And, we underestimate them. We live without awareness of the phenomena of what’s happening inside us. How our brains detect danger. How our organs react to our emotions. How our cells listen to our thoughts. How glands release hormones when we’re angry. How synapses transit chemicals when we’re in love. Depressed. Anxious. How the way we breathe affects how we feel. …


In our pre-pandemic lives, we thought we could outsmart uncertainty and unpredictability. Now, in an anxious holding pattern, we have no roadmap. To look ahead, we must look within. Here’s how.

Lu Hanessian, MSc

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Photo by Dunamis Church on Unsplash

Chance favors the prepared mind. — Louis Pasteur

There’s a reason humans hate unpredictability. We’re wired for threat.

And not just any, but all whiffs of threat. Real or imagined. Threat that jeopardizes our health, relationships, money, dreams, stability. Risks our reputation or livelihoods. Thwarts our autonomy. Our plans. Our dignity. (We often conflate all of these.)

In a blink, we become hypervigilant. What’s going to happen? Our anticipatory dread about what might occur— in an hour or years from now — has ignited a private firestorm of worry. We stare headlong into the fog. Zero visibility. …


The past is no place to park yourself for a lifetime. Why you look backwards. Where you get stuck. And how to pack your baggage to be and live here now.

Lu Hanessian, MSc

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Smart UNSPLASH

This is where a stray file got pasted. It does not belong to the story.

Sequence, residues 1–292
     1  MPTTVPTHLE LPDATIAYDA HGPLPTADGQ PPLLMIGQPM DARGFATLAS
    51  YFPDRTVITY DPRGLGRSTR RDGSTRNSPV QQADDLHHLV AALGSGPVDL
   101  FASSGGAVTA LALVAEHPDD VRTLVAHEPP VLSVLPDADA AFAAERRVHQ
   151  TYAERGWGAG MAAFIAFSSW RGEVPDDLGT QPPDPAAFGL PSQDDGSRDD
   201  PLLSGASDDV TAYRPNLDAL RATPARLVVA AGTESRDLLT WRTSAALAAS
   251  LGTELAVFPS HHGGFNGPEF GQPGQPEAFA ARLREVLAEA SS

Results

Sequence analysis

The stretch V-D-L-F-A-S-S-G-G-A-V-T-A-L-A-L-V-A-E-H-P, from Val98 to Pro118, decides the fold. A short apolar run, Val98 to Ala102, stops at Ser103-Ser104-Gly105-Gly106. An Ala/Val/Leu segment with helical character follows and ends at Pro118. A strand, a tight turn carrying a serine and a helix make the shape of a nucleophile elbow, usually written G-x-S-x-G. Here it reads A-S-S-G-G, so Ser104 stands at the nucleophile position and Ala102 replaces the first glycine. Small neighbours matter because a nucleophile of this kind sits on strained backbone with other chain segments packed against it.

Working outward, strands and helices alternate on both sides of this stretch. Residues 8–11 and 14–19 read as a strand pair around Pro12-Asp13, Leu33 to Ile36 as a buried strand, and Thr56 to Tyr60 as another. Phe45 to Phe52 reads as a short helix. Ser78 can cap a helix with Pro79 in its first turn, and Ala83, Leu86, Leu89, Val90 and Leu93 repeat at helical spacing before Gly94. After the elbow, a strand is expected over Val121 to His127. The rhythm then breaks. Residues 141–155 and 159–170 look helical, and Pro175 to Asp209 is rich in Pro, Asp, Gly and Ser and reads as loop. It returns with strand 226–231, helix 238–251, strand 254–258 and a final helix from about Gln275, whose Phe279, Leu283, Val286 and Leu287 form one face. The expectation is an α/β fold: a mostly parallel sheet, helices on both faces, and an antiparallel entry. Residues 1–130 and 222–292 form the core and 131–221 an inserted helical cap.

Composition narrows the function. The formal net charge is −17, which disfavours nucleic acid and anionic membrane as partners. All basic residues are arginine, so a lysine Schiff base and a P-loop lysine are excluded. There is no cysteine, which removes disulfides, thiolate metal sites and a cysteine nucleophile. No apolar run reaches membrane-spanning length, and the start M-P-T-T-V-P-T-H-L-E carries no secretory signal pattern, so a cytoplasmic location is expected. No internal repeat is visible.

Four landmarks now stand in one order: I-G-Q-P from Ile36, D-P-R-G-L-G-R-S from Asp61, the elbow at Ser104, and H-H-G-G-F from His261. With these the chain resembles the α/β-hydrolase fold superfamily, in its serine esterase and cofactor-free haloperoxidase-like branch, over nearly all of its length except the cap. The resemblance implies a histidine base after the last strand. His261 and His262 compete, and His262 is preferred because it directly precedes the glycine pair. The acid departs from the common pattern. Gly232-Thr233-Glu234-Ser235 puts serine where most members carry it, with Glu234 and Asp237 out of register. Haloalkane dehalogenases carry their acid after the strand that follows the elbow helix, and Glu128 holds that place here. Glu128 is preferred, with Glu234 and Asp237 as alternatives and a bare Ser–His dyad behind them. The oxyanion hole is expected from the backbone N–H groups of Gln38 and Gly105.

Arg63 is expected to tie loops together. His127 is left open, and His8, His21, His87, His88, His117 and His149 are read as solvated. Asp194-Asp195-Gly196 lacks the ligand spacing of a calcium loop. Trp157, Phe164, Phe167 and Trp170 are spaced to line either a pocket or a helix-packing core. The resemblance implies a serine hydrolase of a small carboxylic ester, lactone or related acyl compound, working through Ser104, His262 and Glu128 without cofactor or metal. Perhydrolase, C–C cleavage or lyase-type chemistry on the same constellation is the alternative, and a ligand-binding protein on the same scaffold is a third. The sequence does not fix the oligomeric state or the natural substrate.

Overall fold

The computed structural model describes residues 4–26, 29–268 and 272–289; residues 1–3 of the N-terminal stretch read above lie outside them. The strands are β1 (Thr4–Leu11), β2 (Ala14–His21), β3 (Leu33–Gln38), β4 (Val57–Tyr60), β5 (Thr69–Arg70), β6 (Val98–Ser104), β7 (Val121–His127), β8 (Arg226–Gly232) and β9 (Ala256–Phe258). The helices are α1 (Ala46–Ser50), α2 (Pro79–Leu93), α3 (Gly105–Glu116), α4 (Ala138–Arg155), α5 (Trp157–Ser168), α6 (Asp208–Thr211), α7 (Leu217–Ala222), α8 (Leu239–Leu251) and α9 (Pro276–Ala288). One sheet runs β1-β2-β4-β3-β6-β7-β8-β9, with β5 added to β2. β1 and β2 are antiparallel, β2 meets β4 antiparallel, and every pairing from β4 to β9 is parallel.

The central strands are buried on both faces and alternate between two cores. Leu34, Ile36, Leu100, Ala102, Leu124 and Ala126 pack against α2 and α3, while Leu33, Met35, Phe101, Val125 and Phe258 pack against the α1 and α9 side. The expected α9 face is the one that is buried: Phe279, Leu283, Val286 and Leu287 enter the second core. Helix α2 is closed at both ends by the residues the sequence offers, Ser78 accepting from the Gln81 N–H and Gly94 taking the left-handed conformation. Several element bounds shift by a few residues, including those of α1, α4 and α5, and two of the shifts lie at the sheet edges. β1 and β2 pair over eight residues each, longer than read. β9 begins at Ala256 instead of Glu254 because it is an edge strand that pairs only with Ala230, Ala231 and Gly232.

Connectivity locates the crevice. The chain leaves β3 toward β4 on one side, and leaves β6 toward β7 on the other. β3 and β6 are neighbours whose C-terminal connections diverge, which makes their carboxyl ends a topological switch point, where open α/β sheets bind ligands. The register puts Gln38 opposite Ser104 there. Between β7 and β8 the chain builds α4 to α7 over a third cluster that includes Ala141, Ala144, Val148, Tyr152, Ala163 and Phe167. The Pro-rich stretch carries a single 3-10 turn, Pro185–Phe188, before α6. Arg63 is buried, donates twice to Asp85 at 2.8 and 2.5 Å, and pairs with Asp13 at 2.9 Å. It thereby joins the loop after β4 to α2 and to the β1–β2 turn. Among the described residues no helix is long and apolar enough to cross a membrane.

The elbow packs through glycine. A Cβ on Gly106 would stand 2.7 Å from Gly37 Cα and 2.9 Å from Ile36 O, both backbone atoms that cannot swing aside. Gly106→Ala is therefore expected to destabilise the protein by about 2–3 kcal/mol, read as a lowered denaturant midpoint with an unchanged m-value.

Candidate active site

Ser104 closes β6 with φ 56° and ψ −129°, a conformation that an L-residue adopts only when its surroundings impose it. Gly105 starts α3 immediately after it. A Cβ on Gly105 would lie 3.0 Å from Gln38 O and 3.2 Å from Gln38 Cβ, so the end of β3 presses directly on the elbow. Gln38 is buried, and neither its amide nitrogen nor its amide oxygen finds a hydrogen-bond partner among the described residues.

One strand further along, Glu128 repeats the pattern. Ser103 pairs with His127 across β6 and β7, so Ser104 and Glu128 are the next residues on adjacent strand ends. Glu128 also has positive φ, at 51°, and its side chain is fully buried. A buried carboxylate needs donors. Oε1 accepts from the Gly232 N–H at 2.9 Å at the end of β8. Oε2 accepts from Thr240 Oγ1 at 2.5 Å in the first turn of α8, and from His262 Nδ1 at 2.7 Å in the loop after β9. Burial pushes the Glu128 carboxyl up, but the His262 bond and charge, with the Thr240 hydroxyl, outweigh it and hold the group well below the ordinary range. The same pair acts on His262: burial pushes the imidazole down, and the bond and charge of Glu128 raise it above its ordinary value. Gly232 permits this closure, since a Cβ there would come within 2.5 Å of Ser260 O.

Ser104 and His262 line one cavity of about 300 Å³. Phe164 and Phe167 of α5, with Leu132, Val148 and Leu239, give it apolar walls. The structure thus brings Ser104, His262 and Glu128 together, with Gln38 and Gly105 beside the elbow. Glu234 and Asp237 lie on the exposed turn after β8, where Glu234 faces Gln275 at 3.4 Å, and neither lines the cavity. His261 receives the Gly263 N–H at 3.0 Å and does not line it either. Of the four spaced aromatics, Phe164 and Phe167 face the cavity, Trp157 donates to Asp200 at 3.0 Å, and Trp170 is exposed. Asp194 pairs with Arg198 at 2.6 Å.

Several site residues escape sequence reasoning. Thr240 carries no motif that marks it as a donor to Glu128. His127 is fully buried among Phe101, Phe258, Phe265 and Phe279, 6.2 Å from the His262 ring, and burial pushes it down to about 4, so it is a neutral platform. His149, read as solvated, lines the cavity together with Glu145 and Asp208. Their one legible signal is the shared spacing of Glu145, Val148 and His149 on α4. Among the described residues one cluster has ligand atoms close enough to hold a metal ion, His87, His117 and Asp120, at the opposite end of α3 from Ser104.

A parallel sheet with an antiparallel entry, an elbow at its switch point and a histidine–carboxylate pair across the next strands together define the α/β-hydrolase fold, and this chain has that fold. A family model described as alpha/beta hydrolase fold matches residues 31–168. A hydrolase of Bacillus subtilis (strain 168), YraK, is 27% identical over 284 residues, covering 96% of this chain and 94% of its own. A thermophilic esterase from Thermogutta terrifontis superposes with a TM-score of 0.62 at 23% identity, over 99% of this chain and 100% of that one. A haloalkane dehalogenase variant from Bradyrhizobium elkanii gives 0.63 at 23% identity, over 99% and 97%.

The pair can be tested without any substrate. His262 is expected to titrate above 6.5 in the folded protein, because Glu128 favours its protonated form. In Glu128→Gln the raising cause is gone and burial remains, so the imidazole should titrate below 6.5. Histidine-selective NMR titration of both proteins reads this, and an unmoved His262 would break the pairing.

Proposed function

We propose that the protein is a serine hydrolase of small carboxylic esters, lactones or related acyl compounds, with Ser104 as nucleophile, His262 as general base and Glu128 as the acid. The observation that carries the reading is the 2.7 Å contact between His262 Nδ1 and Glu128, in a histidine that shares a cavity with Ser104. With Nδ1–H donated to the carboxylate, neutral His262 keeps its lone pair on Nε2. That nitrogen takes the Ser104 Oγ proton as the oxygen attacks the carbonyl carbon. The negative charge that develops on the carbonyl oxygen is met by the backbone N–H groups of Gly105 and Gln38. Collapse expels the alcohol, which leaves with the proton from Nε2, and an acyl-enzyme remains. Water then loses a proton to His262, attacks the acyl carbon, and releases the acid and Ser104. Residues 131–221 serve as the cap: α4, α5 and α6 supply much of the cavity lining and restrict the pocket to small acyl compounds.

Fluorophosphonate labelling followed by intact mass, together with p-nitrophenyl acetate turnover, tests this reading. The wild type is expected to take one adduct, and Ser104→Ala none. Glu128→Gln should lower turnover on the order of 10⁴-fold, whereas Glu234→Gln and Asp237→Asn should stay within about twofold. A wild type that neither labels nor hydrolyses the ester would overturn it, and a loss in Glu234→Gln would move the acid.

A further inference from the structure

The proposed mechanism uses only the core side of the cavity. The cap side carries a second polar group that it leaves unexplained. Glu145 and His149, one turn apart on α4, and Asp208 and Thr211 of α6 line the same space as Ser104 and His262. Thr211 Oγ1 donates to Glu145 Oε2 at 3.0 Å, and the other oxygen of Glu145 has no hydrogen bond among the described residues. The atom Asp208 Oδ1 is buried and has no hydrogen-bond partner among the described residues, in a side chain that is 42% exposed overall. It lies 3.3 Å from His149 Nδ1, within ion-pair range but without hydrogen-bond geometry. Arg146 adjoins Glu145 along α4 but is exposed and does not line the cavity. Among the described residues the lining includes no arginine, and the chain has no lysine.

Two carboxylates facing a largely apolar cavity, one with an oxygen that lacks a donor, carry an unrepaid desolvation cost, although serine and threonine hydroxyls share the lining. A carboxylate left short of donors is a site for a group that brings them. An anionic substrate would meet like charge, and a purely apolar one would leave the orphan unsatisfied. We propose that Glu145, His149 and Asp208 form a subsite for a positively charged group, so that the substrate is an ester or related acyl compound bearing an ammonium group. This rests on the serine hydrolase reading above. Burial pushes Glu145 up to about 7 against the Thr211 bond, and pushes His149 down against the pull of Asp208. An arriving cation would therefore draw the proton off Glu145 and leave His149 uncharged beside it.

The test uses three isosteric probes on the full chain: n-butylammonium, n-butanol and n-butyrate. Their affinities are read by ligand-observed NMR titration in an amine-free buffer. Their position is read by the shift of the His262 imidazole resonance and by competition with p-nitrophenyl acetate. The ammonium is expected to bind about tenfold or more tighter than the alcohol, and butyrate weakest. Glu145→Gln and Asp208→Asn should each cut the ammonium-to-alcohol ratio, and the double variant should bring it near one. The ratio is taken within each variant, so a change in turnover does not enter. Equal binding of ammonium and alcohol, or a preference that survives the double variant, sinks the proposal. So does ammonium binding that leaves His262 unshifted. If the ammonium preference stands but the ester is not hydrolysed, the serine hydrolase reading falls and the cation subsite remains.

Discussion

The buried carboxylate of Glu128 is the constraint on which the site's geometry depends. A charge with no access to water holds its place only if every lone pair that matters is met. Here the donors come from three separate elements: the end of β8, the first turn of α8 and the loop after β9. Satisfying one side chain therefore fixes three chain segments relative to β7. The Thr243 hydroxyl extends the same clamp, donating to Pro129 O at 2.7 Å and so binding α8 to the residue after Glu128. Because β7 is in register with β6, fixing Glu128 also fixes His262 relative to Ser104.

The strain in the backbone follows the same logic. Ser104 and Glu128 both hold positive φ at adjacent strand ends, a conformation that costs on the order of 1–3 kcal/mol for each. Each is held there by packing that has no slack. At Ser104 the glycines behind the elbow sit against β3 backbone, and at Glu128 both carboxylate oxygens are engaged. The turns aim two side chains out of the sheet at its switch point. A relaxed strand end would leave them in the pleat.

There’s ‘been there, done that’.

And there’s… ‘been there, stayed there’. Bought real estate there.

Maybe it’s an old relationship (unforgiven). A past conversation (interrupted). A former job (quit, fired), missed opportunity (that ship sailed), betrayal (still fresh), or bitter disappointment (still bitter).

It’s an old house. You know it well. Every nook. All the dustballs and cobwebs in your mind. You rarely leave those cramped, familiar quarters. …


Here’s how he does it. Why it matters. And how the press can stop it — before it’s too late.

Lu Hanessian, MSc

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Kayla Velasquez UNSPLASH

When I first became a television anchor in my twenties, and walked into the hallowed news room to meet the director, it felt a bit like Oz. He made sure I knew the unofficial rule of broadcast news: If it bleeds, it leads.

A chill ran down my spine. The curtain was pulled back. Turned out the wizard was a lab rat pushing levers.

We’re wired for fear. People slow down to look at car crashes on the highway. Threat keeps us vigilant. Conflict keeps us hooked. Certain kinds of stories grab viewers and ratings. These are gripping stories of beating impossible odds. Shocking stories of outrage and injustice. Outlandish stories of greed and deception. Stories of good guys and bad guys. Corruption and redemption. …

About

Lu Hanessian, MSc

Stress resilience researcher educator, journalist, former NBC network anchor/Discovery Health Channel. Brain. Media. Health. Culture. Education. Parenting.